3D structure of HIV is discovered

Jan 24, 2006

Scientists say the 3D structure of the human immunodeficiency virus, which causes AIDS, has been determined for the first time.

The variable size and shape of HIV has made it hard to map, so the British-German research team took hundreds of images of virus, which is 60 times smaller than red blood cells, and then used a computer program to combine them.

Oxford University Professor Stephen Fuller told the BBC: "You say can you show me the structure of the HIV virus and the question is which one. HIV is very variable. It varied in diameter by a factor of three."

Despite the variability, the team found some consistent features, including the finding the core of virus spans the width of the viral membrane. But there are spikes on the outside that bind to human immune cells and allow the virus to invade them.

The scientists told the BBC whereas most viruses have internal structures that define their size, in the HIV virus it's the membrane that defines the size. They say that fact might lead to more effective therapeutic approaches.

The study is described in the journal Structure.

Copyright 2006 by United Press International

Explore further: Small business owners not always worried about being treated fairly, researcher finds

add to favorites email to friend print save as pdf

Related Stories

Video of virus-sized particle trying to enter cell

Feb 25, 2014

Tiny and swift, viruses are hard to capture on video. Now researchers at Princeton University have achieved an unprecedented look at a virus-like particle as it tries to break into and infect a cell. The technique they developed ...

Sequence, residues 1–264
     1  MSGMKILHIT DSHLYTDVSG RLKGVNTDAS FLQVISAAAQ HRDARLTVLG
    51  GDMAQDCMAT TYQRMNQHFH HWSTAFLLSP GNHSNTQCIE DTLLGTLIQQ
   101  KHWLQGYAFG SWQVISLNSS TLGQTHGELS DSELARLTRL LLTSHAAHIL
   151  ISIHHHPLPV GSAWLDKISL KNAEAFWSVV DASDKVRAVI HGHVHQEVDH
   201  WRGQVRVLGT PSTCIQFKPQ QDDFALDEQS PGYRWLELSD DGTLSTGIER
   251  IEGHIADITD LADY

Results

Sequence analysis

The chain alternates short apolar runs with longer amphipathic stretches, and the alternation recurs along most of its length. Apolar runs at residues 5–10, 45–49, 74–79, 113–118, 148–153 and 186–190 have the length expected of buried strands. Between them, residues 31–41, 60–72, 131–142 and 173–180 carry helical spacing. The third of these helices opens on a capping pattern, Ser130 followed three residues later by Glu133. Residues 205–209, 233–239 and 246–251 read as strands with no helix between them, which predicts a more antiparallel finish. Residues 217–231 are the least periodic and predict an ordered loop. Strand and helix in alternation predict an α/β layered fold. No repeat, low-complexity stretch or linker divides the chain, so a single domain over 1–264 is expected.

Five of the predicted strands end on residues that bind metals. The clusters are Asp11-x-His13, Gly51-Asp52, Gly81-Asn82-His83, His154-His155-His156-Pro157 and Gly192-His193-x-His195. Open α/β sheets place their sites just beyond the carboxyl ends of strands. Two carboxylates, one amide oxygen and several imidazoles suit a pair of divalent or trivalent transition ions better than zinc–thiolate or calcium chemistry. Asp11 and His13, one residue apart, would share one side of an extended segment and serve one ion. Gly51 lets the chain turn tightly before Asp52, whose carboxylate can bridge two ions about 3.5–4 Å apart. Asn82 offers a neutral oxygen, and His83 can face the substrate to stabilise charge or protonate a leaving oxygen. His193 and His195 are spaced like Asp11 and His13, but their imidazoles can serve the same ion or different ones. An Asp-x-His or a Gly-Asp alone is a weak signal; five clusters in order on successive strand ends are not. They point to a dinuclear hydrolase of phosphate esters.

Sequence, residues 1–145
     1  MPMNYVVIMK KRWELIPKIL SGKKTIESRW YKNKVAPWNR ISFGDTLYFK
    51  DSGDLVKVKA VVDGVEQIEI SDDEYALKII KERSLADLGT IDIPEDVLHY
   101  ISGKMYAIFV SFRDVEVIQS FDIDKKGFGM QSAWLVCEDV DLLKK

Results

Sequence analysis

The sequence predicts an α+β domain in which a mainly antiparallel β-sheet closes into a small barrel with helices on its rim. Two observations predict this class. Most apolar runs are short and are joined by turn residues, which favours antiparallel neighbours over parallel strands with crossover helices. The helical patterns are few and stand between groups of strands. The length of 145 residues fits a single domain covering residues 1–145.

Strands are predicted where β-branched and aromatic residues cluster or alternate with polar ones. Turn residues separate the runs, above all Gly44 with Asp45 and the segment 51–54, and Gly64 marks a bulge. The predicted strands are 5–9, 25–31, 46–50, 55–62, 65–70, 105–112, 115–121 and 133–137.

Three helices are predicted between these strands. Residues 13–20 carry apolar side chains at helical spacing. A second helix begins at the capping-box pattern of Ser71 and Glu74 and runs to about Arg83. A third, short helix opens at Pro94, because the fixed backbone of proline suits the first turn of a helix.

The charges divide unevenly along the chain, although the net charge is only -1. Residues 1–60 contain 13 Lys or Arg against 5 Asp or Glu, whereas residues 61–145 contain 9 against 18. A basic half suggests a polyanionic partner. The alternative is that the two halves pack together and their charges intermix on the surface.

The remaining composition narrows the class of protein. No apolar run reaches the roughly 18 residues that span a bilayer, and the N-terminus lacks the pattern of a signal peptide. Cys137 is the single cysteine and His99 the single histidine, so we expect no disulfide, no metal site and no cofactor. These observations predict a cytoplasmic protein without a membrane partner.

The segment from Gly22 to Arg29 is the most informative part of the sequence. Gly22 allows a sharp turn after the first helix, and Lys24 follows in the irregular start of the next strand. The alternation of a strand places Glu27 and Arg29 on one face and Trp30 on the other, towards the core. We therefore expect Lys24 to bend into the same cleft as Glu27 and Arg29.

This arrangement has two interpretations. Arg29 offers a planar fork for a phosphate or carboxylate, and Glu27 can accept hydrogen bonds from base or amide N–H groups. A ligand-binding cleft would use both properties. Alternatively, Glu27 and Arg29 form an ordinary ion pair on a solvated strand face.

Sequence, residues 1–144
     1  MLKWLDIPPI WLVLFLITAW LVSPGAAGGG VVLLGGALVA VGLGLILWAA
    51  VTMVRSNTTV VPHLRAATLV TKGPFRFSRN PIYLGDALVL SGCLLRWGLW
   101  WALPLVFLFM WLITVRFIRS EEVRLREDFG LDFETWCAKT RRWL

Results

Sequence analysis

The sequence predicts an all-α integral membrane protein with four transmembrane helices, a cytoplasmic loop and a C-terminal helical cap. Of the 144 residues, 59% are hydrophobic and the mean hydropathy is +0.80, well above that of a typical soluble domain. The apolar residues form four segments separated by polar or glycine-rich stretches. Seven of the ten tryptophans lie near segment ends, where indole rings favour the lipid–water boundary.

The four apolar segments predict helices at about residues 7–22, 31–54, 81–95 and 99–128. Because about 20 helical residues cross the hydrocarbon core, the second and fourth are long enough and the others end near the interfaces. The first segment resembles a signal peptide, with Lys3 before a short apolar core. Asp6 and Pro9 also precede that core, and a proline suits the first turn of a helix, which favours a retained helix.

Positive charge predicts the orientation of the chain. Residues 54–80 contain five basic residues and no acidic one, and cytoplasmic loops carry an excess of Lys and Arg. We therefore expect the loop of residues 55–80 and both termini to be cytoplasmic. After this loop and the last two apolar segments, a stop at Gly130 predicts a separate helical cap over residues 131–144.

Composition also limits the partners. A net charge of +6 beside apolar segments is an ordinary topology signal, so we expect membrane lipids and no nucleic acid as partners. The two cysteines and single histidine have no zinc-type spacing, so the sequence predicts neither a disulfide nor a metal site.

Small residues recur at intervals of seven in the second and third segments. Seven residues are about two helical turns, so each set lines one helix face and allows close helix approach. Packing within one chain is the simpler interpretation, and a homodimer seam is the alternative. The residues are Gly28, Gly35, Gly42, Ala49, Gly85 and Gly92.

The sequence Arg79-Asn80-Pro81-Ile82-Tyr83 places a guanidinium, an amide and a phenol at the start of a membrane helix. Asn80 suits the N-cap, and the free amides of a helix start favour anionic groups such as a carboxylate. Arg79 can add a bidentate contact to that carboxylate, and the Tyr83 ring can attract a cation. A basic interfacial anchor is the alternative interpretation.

SlipChip counts molecules with chemistry and a cell phone

Nov 18, 2013

(Phys.org) —In developing nations, rural areas, and even one's own home, limited access to expensive equipment and trained medical professionals can impede the diagnosis and treatment of disease. Many qualitative ...

Recommended for you

Bloody souvenir not from decapitated French king: DNA

4 hours ago

Two centuries after the French people beheaded King Louis XVI and dipped their handkerchiefs in his blood, DNA analysis has thrown new doubt on the authenticity of one such rag kept as a morbid souvenir.

Residents of 'boom time' suburbs face unsustainable commutes

6 hours ago

People living in the 'boom time' suburbs of Dublin are more likely to endure unsustainable commutes to work than those living in older accommodation. Research shows that people living in newly constructed housing in the Greater ...

User comments : 0

More news stories

Genetic code of the deadly tsetse fly unraveled

Mining the genome of the disease-transmitting tsetse fly, researchers have revealed the genetic adaptions that allow it to have such unique biology and transmit disease to both humans and animals.

Ocean microbes display remarkable genetic diversity

The smallest, most abundant marine microbe, Prochlorococcus, is a photosynthetic bacteria species essential to the marine ecosystem. An estimated billion billion billion of the single-cell creatures live i ...